·    Listening – The more we understand the problems and emotions of another person, the more real encouragement we can offer. It’s easy to assume that we know what someone else is feeling, but the only way to approach true understanding is to listen without interrupting and to ask questions when clarification is needed. What’s the main emotion someone is feeling?  Fear? Anger? Rejection?  Are there beliefs or past experiences that contribute to these feelings?  Encouragement takes time to find out. “Active listening” which involves paying full attention to the words of another, then re-phrasing and repeating them for verification can be very helpful.

·    Belief – Although it sounds obvious, I think it’s easy for us to forget sometimes that people are the ultimate experts on their own lives. If someone tells me that they always get depressed in April, it’s important for me to believe that, even if my own worst month tends to be October. As I wrote in a previous post, it’s wise to remind ourselves that people can experience the same situation in very different ways and to believe the experiences of others, even if they differ from ours. This can be a significant difference between encouragement and dismissal.

·    Equivalence – Finding commonalities is important in relationship building. The problem, though, is the tendency to make commonalities into equivalence. Yes, to a large degree pain is pain. Surely, though, we can agree that losing a pet is not equivalent to losing a child and that having the flu does not equip us to understand the experiences of a cancer patient. No matter how well-meaning our intentions, when we say “I understand how you feel because . . .” and the “because” is something that doesn’t seem equivalent at all to the hearer, it can feel like the reality of the problem is being minimized and dismissed.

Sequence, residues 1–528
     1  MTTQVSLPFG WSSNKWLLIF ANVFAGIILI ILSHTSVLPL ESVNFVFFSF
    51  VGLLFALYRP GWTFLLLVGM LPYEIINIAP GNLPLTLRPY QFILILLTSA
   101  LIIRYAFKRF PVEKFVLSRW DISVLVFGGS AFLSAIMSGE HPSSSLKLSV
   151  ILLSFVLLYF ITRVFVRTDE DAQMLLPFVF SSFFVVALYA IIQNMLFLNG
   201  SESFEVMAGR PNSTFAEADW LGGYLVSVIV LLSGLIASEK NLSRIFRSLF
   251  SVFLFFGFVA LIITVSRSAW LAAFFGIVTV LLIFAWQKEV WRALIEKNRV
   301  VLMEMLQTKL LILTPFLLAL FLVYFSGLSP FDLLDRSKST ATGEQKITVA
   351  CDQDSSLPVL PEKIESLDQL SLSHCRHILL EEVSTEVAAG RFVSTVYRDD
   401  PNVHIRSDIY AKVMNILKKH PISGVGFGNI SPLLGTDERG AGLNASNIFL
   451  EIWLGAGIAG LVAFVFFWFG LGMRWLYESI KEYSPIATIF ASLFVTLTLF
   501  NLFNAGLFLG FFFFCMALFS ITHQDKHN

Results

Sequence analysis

·    Assumptions – Sometimes people minimize a problem because they assume there are untapped resources for solving it. These assumptions are not always entirely logical. In the chemical illness arena, for example, I often find that people assume that others maintain non-toxic homes I can enter despite the fact that their own homes are not toxin-free. I hesitate to make this next point, because I’ve had some wonderful help from family and church members, and I’m extremely grateful for it. During my Very Bad Week, however, I got the feeling, rightly or wrongly, that the government expected my family to take care of me, my family was relying on the church, and the church assumed I would find help from the government. When we volunteer to address a need it generally communicates encouragement, but when we volunteer someone else it can feel like dismissal.

·    Platitudes – It’s easy to fall back on phrases that contain truth, but that have been repeated so often that saying them may communicate a lack of thought or attention to the realities of the situation. Often, the truth contained in a phrase is nuanced. “Everything will be OK” is true, for example, if we take the long view. There’s a promised life after this one, full of joy and free from pain. It’s not true, however, that when people experience difficult circumstances they are then guaranteed no more difficulties in this present life. We all want to believe the world works that way, but scripture and observation tell us otherwise. None of us can see the future and promise someone else freedom from struggle.

·    Prayer – Without validation, even prayer can be used in a way that feels like dismissal sometimes. When someone takes time to listen to and acknowledge a problem, then says, “I’ll pray for you,” it can be deeply encouraging. When someone says “I’ll pray for you” without first acknowledging the depth of the issue, however, it can feel like an attempt to avoid engagement. Actually taking the time to pray with someone can be very meaningful and encouraging, especially if the prayer expresses a true understanding of the issues involved.

To everyone who has encouraged me by listening to my concerns and validating them, I offer my sincere and heartfelt thanks. To people I’ve failed to encourage effectively, I offer my apologies. I hope we can all get better at this.